Defense Secretary Donald H. Rumsfeld (search) pledged Wednesday that U.S. military forces "will continue to play a strong role" in Afghanistan even after NATO allies expand their peacekeeping operation across the country next year.

At the conclusion of a two-day NATO meeting, Rumsfeld took reporters' questions about the American presence there but stoutly avoided getting into any specifics about force levels.

"U.S. forces will, of course, continue to play a strong role," he said.

Asked about reports the Bush administration wants to slash the U.S. military presence there by as much as 20 percent, Rumsfeld told a news conference that "the only people who are going to increase or decrease U.S. forces in Afghanistan will be the president of the United States or me."

Rumsfeld said that U.S. officials are constantly assessing and reassessing troop levels and said that they have been raising or lowering the U.S. military presence as required and necessary.

"If and when there's any decision to decrease forces," he said, "I will announce it."

Both The New York Times and The Washington Post reported in Thursday's editions that the administration was considering cutting the troop strength there by as much as 20 percent.

Rumsfeld said Tuesday that NATO should ultimately take over anti-terrorism operations and drug interdiction in Afghanistan (search), now handled by the U.S.-led coalition, but he refused to set a timetable for drawing down American troops.

More detailed talk was stifled by fears about increased violence accompanying parliamentary elections in Afghanistan scheduled for this coming weekend, as well as the upcoming elections in Germany (search), where some have openly opposed any increased combat missions for NATO.

Rumsfeld dismissed as "much ado about nothing" reported divisions among the alliance countries over whether NATO should work toward a unified peacekeeping and military command structure.

During the meetings, Rumsfeld urged his defense counterparts to find ways to increase the military flexibility of NATO's forces and the financing for the alliance. Several countries put limits on the military activity their forces can engage in as part of NATO, such as limiting where they can go or what type of combat force they can use.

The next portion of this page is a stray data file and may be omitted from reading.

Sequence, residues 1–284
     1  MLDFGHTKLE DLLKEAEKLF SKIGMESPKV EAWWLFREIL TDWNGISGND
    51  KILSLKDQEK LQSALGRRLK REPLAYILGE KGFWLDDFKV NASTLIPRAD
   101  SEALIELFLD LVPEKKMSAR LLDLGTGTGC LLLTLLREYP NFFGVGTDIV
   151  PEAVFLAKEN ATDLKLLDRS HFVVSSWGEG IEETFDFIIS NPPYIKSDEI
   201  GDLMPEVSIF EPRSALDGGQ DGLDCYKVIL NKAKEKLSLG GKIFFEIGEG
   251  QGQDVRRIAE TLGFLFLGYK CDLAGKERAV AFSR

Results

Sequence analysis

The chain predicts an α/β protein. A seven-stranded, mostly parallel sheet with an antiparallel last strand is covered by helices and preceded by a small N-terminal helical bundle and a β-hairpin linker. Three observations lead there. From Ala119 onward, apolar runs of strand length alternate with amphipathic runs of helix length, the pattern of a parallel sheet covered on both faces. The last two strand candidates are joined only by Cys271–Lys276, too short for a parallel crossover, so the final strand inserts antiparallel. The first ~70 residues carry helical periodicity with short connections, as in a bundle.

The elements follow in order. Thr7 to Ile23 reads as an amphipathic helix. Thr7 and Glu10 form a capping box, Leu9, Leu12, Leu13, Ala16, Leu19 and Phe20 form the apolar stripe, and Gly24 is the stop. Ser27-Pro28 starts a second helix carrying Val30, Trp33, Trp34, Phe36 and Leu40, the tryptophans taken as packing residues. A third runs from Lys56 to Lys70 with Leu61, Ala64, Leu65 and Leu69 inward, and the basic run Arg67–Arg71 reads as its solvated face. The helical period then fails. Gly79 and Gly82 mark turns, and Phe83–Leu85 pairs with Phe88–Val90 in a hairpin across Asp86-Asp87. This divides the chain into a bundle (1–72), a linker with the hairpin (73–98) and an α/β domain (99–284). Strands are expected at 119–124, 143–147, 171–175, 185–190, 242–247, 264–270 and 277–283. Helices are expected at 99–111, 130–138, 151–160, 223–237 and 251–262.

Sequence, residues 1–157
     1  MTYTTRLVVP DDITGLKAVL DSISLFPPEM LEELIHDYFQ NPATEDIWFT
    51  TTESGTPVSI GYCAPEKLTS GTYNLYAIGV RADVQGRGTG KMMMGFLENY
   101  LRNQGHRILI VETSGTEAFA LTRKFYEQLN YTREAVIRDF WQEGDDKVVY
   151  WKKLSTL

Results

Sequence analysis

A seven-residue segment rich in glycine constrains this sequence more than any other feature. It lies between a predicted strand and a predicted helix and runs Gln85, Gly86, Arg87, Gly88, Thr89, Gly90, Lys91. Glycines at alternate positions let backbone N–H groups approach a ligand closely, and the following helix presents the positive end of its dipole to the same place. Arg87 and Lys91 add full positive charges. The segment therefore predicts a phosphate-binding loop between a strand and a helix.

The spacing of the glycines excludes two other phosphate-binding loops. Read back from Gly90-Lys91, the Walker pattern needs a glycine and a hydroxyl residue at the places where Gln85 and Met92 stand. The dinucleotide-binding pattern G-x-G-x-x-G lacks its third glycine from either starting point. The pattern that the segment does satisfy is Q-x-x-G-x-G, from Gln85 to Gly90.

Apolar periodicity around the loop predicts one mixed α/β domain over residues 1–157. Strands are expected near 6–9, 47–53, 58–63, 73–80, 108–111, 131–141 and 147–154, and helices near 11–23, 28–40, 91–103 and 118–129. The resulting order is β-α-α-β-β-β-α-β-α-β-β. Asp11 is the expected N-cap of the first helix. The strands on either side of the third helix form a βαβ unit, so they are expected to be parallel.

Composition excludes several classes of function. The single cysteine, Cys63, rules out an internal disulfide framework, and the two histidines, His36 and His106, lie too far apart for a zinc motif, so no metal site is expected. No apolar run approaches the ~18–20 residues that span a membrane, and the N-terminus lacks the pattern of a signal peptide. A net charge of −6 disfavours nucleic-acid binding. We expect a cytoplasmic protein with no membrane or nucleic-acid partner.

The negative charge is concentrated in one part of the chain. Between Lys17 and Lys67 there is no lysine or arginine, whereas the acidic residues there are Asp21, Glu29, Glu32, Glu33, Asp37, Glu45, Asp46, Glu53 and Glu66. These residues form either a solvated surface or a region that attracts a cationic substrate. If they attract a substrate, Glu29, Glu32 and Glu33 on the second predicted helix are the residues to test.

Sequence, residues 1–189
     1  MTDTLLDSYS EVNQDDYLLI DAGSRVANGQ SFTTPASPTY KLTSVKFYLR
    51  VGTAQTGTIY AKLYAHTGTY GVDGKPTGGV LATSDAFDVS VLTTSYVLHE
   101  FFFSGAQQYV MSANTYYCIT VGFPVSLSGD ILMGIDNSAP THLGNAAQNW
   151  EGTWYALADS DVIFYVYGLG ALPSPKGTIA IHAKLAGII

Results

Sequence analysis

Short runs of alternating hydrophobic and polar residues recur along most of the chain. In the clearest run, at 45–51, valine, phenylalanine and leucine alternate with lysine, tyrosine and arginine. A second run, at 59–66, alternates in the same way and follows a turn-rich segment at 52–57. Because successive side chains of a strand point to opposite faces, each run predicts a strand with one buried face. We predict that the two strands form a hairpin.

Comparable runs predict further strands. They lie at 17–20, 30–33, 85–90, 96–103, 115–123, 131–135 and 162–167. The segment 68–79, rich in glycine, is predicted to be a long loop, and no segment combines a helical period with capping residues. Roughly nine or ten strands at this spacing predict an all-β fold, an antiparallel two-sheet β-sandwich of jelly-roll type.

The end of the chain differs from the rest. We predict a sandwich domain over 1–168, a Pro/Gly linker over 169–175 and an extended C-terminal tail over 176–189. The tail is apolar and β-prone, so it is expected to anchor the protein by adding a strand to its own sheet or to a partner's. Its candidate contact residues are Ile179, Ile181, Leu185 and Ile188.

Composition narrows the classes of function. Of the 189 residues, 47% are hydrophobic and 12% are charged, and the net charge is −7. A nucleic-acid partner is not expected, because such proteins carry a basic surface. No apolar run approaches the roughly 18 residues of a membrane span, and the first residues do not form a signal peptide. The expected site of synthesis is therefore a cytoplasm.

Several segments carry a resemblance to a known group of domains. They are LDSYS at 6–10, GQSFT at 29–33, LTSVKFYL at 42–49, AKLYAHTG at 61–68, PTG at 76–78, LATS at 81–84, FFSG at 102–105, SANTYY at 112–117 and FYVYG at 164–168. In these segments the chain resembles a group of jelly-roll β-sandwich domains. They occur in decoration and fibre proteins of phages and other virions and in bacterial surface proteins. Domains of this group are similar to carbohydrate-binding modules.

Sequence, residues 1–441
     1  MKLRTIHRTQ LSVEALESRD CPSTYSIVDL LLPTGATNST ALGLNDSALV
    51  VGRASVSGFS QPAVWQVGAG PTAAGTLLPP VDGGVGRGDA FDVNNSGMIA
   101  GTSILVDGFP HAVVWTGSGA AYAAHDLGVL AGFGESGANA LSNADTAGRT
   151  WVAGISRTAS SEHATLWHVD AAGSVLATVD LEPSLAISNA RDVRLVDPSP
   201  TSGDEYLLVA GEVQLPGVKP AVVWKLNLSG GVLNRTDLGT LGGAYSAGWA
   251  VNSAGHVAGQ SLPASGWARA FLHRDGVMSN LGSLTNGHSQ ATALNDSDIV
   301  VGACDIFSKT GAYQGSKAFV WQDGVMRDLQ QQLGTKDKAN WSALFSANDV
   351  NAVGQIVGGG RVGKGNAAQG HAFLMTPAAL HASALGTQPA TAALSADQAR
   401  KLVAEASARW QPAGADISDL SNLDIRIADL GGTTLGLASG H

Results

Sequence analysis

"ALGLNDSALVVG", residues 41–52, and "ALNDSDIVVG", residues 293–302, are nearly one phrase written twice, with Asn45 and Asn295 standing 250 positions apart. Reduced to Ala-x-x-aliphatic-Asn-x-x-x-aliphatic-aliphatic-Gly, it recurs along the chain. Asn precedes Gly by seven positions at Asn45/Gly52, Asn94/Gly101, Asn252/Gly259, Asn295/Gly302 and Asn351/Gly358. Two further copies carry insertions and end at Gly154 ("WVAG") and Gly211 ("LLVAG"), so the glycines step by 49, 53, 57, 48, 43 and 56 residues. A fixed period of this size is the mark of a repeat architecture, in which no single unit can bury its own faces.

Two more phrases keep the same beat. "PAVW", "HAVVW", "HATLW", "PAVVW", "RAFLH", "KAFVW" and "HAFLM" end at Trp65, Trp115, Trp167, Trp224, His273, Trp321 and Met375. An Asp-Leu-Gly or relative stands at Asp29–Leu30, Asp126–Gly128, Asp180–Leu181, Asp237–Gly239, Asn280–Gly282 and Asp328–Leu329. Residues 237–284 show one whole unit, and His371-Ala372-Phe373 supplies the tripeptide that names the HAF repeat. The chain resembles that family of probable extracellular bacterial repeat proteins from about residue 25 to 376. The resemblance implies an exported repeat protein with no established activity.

"I personally am encouraged by the enduring effort to make the alliance a more flexible and more capable force," Rumsfeld said.

There will be a "unity of effort if not a unity of command," he said.

Afghanistan's elections come four years after the U.S. invaded the country to overthrow the Taliban. Insurgents have vowed to disrupt the balloting.

NATO has 11,000 mostly European troops providing security in northern and western Afghanistan. Around 19,000 U.S.-led troops cover the south and east.

The alliance plans to expand slowly its peacekeeping role and eventually take primary responsibility for security in the country. Thirty-five countries have troops in Afghanistan, including a number of non-NATO nations.

Under the NATO plan, German troops will take the lead role in the north, Italians in the west, British in the south and Americans under NATO command in the east. French and Turkish troops will lead in Kabul — working alongside Afghanistan's fledgling army and police.

Meanwhile, Afghan President Hamid Karzai said the U.S.-led coalition needs to reconsider the way it is fighting Taliban-led rebels. His comments came after six months of fierce battles that have left more than 1,200 dead. He suggested combating the problem where "terrorists are trained" but declined to elaborate.

Afghan officials say many insurgents train in secret bases in neighboring Pakistan, despite denials from Islamabad.